The youth have always been radical

The Pampanga leg of the Leni-Kiko series of political rallies became the most successful (so far) out of all the cities that participated.

All in all, 220,000 supporters of the Robredo and Pangilinan presidential and vice-presidential tandem converged in the parking lot of Robinsons Starmills in San Fernando, Pampanga. It was a surprising victory, so to speak, for Robredo, who lost to her rival Ferdinand Marcos Jr. by a wide margin in the vice presidential race six years back.

Our organization, Vox Populi PH, was three of those 220,000 strong who decided to show our support. Marius, Kristelle, and I came prepared, choosing to use the event as a platform to release our collaborative zine to the rally-goers. We booked a hotel in Sindalan (around 8 kilometers or 20 minutes away from the venue), half-expecting it to be packed with supporters.


The crowd didn’t disappoint: when Marius and I arrived at 3:30 pm (Kristelle went ahead of us and managed to find herself stageside), the venue was almost completely packed. Luckily, the program had not commenced yet, and we could find a nice corner between two parked ambulances to settle into. We fixed our tarp (that said, we have free zines and stickers to give away) and laid down the zines as if we were selling them. Immediately, we got interested: I think Kristelle did a good job picking the neon peach color as it is very eye-catching. She said it was the closest available color to pink, and it was probably a happy accident.

Funnily enough, we got many questions about what a “zine” actually is; people wanted the stickers more and were very interested in getting at least one of the 1,000+ ones that Kristelle made. However, when we told them about what we do (that we are independent writers), they became interested and wanted to know more about our works. It was a gratifying experience.


Considering the 220,000 people that joined the rally, it is not far-fetched to imagine that there are many factions from all walks of life that joined. Finding a kindred spirit shouldn’t be so hard! True enough, not even thirty minutes in, I ran into a group of online writers turned friends; they also advocate for the same thing: freedom and good governance, and were more than happy to receive our creative output. While I felt old standing next to this next generation of writers, it was also proof that our cause in Vox was not in vain.

We were surprised at how many young people showed up during the rally. A healthy percentage of those who inquired and asked for our zines must have been in the Gen Z category. They were bright and curious but aware of their place and obligation to society, including this upcoming elections. When VP Leni Robredo asked who were first-time voters among the crowd, a massive roar of affirmation almost shattered my eardrums.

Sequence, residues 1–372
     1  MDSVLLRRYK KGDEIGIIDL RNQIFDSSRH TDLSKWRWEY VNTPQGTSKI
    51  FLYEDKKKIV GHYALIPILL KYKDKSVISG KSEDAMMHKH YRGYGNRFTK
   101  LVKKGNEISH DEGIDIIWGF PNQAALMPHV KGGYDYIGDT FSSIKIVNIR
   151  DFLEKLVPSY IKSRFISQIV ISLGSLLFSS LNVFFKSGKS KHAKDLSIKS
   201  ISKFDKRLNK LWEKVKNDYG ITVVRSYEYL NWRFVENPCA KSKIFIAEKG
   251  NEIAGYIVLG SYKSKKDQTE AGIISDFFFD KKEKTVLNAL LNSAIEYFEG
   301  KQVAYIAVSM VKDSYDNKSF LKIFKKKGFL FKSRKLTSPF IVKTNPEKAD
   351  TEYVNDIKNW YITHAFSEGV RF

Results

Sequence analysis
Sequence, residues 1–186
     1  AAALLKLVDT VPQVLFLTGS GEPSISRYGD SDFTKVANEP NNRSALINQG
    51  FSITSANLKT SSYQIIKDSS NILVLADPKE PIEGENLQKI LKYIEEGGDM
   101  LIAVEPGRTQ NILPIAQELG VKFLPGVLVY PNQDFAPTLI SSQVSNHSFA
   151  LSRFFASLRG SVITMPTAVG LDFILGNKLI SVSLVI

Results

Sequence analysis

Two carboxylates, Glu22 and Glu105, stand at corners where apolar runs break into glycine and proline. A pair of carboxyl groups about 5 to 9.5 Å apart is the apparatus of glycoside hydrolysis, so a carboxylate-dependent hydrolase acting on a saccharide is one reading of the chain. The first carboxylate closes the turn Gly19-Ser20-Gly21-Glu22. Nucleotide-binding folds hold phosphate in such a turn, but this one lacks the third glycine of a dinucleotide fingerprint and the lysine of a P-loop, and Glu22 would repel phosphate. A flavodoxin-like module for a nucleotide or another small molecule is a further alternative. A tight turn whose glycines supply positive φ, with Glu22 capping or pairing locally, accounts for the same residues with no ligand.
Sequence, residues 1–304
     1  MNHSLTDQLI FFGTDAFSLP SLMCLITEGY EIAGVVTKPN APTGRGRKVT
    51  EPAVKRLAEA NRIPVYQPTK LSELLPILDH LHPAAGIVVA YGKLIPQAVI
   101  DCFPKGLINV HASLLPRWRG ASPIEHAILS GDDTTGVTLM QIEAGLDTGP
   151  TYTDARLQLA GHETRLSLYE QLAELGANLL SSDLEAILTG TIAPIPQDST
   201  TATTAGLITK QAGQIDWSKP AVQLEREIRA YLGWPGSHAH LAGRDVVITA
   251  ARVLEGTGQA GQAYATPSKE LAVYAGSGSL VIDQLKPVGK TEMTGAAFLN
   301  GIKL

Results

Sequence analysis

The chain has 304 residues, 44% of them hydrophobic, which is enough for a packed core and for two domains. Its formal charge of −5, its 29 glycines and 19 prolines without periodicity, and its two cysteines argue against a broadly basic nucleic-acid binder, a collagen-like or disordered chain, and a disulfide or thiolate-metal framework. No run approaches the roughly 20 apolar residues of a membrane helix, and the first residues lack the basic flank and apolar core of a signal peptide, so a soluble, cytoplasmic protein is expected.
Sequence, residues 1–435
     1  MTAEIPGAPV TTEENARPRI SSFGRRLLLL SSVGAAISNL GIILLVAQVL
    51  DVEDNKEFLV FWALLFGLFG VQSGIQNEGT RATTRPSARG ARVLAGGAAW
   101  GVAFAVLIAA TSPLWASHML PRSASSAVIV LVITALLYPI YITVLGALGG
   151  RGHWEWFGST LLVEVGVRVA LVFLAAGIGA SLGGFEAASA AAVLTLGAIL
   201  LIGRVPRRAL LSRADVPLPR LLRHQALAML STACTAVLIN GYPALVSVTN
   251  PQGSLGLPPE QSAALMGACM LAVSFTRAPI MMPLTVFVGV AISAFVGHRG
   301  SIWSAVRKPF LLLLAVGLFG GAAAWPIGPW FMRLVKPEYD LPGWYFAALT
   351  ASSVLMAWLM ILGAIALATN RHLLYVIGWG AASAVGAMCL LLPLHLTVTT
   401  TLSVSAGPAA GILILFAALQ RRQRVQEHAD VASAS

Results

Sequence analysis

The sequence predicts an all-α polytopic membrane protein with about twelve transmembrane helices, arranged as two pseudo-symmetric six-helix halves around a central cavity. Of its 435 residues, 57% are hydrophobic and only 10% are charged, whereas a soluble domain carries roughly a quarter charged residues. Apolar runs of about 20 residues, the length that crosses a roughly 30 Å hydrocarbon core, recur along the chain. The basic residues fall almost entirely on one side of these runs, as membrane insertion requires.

It is not a surprise, though. After all, the youth have always been radical.

Most people don’t realize it, but all revolutions start with tiny rebellions. I imagine that all of the twenty-somethings in the crowd have done something that has been tagged as “misbehavior.” I would know, for I was once a youth too. But then, I never did something just because I liked it. Instead, I went against the rules because they didn’t make sense. For example, why would I take a nap in the afternoon if I’m not tired? I can always play outside instead.


Today’s youth are especially empowered to speak their mind, as social media interconnectedness has only amplified their voices to more significant volumes. Organizations like Vox Populi PH, for instance, serves as a platform for the youth to express their mind without fear of prejudice. Twitter and TikTok, while also being a platform of toxicity and disinformation, have also served their purpose to the youth as an outlet for creativity and expression. The youth are now less reliant on being told what to do but instead use the power of the internet to find out and establish their truths. They are, therefore, more intellectually independent than the generations before.

The truth is, every previous generation would have negative things to say about the generation that succeeds them. As a millennial, I would stick up my nose that some Gen Zs use the intellectual independence above too liberally, in that they can be very easily victimized by disinformation. After all, for the thousands of enlightened youth that attended the rally last April 9th, there are multitudes of TikTok videos of Gen Zs proselytizing for Marcos and Duterte or who don’t know who GomBurZa are. I, however, prefer to see the glass half full.


On that fateful night, the thing I choose to remember was how a sea of young’uns screamed the names of their preferred leaders and demanded loudly good governance. This generation knows how their votes can impact their immediate future, and I, as their senior, approve of it. Nevertheless, there is still hope, and as long as we can help and shape them in any way or form, we will be there. After all, the youth may have all the energy in the world, but they need experienced people like us to share our wisdom. Eventually, they will become the battle-hardened citizens they are destined to be and will have to evolve to face the next generation, even more, radical than before.

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